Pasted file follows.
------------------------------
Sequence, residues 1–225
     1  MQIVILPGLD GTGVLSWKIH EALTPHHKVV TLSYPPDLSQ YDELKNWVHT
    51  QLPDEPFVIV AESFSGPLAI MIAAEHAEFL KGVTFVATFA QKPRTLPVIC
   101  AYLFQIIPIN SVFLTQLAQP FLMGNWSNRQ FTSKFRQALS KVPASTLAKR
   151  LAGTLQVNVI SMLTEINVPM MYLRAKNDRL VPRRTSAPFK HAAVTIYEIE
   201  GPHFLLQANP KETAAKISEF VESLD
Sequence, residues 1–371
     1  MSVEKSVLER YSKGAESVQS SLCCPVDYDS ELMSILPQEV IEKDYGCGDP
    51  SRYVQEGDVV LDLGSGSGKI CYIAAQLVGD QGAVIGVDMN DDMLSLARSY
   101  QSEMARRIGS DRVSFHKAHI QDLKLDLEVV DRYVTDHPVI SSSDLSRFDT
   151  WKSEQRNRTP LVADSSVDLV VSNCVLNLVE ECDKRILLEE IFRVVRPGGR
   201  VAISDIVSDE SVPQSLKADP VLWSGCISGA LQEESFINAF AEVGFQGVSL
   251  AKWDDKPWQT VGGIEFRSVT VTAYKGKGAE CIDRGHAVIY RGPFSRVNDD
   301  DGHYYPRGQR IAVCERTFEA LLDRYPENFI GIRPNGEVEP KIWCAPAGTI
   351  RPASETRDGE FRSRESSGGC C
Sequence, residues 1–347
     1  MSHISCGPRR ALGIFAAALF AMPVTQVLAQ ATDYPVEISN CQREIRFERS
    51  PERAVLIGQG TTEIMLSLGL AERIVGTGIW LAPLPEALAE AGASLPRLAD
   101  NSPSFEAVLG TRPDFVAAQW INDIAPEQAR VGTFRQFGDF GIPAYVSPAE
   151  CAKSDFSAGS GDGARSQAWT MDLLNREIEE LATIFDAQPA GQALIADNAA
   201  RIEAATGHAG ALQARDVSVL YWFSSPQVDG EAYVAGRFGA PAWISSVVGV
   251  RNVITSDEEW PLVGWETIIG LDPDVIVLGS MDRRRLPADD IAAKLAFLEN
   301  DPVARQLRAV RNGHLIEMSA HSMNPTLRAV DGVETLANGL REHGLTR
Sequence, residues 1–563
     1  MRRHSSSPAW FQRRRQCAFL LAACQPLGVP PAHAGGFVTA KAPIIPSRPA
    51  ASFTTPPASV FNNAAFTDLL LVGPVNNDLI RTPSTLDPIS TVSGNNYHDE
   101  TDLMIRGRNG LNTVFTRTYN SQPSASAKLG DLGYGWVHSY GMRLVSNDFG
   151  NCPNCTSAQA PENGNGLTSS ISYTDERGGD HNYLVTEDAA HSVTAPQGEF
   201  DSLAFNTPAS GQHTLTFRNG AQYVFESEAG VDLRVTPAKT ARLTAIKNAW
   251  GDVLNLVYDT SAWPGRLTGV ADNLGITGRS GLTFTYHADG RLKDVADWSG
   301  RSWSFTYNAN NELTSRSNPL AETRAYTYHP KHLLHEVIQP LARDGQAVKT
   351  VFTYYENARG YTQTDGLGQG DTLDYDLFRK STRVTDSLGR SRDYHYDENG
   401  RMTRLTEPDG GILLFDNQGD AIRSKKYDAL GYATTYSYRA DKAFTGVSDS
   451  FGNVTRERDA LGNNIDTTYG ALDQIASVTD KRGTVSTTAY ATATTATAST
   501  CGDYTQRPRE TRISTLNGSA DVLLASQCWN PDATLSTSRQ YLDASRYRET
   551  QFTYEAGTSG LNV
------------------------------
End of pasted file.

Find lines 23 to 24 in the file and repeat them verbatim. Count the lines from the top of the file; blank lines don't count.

   301  DPVARQLRAV RNGHLIEMSA HSMNPTLRAV DGVETLANGL REHGLTR
Sequence, residues 1–563